Want to go to college in U.S.? Show compassion not test scores: proposal

BOSTON (Reuters) - U.S. educators on Wednesday endorsed a Harvard University-developed proposal to reform college admissions by relying less on high-stakes tests, and more on teens demonstrating a passion for learning and long-term volunteer projects.

Graduating students enter the Paladin stadium before U.S. President George W. Bush watches them during the commencement ceremony at Furman University in Greenville, South Carolina May 31, 2008. REUTERS/Larry Downing

The proposal aims to reduce the pressure on teenagers to pack their resumes with extracurricular activities and spend months preparing for the SAT and ACT tests, encouraging them to instead focus on academic subjects and social causes they find meaningful.

“Too often, today’s culture sends young people messages that emphasize personal success rather than concern for others and the common good,” said Richard Weissbourd, a senior lecturer at Harvard’s Graduate School of Education, and a co-director of the Making Caring Common group that developed the proposal.

The proposal titled “Turning the Tide” has been endorsed by about 80 educators, including top admissions officials at major U.S. universities ranging from the Massachusetts Institute of Technology and Columbia University to the University of North Carolina and Purdue University.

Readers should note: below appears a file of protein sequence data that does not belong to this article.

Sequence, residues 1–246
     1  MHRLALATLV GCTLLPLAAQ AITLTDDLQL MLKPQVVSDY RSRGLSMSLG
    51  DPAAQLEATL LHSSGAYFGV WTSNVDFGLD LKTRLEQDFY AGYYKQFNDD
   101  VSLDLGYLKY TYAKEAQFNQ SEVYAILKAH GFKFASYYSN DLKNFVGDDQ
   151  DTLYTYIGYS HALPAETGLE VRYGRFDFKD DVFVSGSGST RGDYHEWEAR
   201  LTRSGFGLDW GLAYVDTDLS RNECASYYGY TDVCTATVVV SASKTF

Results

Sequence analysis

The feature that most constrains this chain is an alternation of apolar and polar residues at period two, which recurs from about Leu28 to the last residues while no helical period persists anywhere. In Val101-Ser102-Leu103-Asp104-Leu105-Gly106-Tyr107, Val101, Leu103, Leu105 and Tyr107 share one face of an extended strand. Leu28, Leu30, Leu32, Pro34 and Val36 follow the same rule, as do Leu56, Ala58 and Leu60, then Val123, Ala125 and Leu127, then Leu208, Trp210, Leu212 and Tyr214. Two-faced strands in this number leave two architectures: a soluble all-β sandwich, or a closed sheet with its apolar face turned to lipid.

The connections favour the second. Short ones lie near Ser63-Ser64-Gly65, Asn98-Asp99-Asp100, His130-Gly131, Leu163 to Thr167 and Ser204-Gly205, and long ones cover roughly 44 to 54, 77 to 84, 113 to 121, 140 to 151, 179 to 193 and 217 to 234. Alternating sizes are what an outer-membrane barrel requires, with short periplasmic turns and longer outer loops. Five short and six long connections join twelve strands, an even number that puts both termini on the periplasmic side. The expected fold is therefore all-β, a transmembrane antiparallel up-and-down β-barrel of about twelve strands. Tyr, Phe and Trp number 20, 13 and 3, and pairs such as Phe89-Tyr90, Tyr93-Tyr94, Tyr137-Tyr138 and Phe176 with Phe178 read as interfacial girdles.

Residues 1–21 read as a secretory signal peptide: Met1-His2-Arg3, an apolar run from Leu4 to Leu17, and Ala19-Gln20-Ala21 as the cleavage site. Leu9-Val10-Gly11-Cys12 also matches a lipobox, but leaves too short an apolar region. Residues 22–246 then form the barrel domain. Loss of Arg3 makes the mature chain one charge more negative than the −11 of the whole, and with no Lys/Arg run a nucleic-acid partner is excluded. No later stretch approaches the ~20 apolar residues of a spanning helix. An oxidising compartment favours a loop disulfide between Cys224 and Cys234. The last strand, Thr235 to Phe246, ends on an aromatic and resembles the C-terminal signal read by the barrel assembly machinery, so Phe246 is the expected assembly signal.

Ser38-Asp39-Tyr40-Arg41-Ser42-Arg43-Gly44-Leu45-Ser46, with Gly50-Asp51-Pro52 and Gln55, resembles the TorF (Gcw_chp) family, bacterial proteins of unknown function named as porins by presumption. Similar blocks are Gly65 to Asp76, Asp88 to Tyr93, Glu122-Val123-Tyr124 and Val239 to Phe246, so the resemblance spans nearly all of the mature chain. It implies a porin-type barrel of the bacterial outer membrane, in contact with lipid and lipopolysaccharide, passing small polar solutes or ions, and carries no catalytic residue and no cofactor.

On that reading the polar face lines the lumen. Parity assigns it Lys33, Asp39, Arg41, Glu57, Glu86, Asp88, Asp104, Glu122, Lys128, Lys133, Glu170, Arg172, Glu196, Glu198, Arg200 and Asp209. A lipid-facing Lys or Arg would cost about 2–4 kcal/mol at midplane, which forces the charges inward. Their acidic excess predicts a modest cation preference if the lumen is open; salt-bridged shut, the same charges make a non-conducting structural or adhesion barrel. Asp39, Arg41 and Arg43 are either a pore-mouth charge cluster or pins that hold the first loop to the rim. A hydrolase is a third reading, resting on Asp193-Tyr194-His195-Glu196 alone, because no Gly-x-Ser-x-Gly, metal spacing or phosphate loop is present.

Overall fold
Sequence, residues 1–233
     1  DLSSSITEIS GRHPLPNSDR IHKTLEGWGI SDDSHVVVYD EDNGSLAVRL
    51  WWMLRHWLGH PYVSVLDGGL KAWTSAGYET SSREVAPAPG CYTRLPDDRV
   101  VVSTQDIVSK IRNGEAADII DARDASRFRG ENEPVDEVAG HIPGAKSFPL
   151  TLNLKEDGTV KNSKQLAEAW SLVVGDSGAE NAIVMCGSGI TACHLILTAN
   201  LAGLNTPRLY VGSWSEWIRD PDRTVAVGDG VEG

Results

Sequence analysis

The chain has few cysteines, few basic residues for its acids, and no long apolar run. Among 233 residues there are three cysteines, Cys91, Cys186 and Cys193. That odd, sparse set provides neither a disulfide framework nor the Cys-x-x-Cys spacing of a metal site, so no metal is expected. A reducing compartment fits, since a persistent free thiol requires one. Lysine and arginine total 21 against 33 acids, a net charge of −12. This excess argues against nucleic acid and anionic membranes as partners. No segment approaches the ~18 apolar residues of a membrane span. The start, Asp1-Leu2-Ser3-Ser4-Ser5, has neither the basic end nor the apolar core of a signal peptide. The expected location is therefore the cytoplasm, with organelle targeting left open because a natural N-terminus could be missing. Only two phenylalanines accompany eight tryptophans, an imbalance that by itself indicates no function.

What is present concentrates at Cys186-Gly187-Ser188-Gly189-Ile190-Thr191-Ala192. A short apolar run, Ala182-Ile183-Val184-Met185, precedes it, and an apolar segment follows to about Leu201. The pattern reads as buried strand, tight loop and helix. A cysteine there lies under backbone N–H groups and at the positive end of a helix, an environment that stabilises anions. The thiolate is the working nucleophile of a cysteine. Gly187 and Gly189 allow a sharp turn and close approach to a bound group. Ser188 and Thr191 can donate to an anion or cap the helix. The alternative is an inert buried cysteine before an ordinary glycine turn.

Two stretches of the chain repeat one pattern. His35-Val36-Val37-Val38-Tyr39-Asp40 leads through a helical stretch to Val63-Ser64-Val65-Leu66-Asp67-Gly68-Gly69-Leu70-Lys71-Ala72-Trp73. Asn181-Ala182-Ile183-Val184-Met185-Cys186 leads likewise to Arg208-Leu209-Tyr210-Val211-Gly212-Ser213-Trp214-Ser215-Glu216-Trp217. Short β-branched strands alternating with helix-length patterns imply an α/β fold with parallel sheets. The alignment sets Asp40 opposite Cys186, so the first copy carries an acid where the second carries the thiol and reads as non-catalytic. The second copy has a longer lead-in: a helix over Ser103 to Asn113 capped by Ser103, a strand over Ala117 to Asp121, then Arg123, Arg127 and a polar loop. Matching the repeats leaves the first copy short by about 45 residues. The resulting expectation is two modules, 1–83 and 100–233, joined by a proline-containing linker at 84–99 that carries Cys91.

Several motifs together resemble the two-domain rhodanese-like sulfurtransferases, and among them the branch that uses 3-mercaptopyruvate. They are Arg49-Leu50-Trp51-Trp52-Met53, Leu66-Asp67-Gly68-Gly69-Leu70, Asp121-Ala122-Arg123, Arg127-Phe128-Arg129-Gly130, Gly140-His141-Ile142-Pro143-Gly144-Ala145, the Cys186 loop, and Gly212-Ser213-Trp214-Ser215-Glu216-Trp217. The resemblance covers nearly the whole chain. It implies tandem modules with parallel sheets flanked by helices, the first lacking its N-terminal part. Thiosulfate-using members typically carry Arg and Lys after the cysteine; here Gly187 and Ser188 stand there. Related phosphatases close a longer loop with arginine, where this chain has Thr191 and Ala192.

The initiative, which has backing from some U.S. high schools and educational associations, is intended to make the college admissions process less daunting for low-income families.

It encourages colleges to revise their applications to ask students about two or three extracurricular activities, rather to encourage them to submit long lists of sports and clubs they participate in and to consider make standardized tests optional or discouraging students from taking them more than twice.

Some 1.7 million students took the SAT in 2014, the most recent year for which data is available, and 1.8 million took the ACT. Pressure to perform well on the tests has spawned a $9 billion test-prep industry.

“Escalating achievement pressure is not healthy for our youth. Young people are suffering from higher rates of depression, anxiety and substance abuse as they juggle the demands of their lives,” said Kedra Ishop, an associate vice president for at the University of Michigan, who endorsed the proposal.

The proposal recommended that colleges that continue to rely on the standardized tests make clear how much influence they have over admission decisions.

It also recommends that colleges look for applicants who show long-term commitment to service projects in their own communities.

“Too often, current forms of service are patronizing to recipients and don’t spark in those providing service a deeper understanding of social structures and inequalities,” the report said. “Rather than students ‘doing for’ students from different backgrounds, for example, we encourage students to ‘do with,’ to work in diverse groups for sustained periods of time.”

Reporting by Scott Malone; Editing by Andrew Hay